Backyard garden

My grandmother once said, ” There is no honour in hunger”! She prides herself in growing food enough to feed a stranger. Having observed her fight poverty and hunger by utilising the land resource at her disposal, I am happy to say I have my granny’s green fingers. Of course, I cannot claim to be fighting hunger and poverty yet, but, the joy that comes from watching a seed ‘thrown’ into the ground emerge to some edible form is rewarding. I have learnt that one does not need huge patches of land to make things grow. As long as there is adequate moisture and a bit of ‘right amount’ of soil, things do grow.

Thanks to technological advancement, when am in doubt about the ‘how’, I can always access internet resources and learn. This year, I have groundnuts (Mbalala), maize (Mataba), pumpkin leavesĀ (Chibwabwa), beans (Chilemba), Cassava (Tute), basil, etc growing in my backyard garden. I hope to one day, like grandma, fight poverty and hunger by producing more than I can consume so that my neighbours can also have access to fresh vegetables – a source of nourishment for the body.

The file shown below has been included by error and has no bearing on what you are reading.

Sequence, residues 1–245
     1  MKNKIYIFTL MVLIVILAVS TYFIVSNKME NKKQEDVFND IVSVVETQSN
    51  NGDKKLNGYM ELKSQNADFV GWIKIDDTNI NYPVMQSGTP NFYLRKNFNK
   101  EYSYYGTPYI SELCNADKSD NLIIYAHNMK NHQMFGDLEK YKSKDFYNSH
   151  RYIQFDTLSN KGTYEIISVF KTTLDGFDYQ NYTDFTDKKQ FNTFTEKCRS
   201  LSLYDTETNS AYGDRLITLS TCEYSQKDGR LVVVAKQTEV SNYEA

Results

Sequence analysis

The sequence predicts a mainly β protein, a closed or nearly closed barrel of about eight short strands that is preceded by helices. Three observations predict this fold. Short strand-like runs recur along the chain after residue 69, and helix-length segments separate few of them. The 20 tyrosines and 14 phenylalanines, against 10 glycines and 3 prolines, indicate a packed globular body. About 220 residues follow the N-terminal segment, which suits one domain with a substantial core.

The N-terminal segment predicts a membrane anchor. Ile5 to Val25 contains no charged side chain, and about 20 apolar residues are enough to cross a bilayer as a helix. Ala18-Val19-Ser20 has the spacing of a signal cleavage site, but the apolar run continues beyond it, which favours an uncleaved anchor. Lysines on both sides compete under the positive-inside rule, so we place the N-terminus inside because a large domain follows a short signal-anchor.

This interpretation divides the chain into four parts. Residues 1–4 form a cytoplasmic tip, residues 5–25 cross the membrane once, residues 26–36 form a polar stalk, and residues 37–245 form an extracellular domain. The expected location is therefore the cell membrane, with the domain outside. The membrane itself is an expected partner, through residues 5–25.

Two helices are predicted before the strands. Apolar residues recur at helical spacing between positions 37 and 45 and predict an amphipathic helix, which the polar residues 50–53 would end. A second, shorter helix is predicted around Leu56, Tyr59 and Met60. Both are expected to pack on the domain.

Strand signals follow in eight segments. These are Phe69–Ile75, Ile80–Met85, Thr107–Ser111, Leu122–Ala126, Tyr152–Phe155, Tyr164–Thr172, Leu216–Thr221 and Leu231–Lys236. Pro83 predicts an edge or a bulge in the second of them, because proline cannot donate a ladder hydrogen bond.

Yes, Jane Ng’andu (granny), has imparted a thing or two. I am proud to say that I am hopeful that my people (and all people), for generations to come will remember to nurture the backyard garden. There will be threats of storms, pests, poor soils, low rainfall, lack of access to land, etc; but, the backyard garden is a sign of hope and honour.

I believe, as citizens of this world, we can collectively fight hunger and disease partly by growing edible plants in the backyard garden.

I look forward to enjoying the fruit of my labour. Thanks to granny Jane! A legacy of honour and love.

 

 

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2 thoughts on “Backyard garden

  1. Very inspiring! I think the back yard garden can really make a difference in a lot of peoples’ lives. It would be nice to make a nation wide movement. I love it! #Backyardgardenrocks!

    Like

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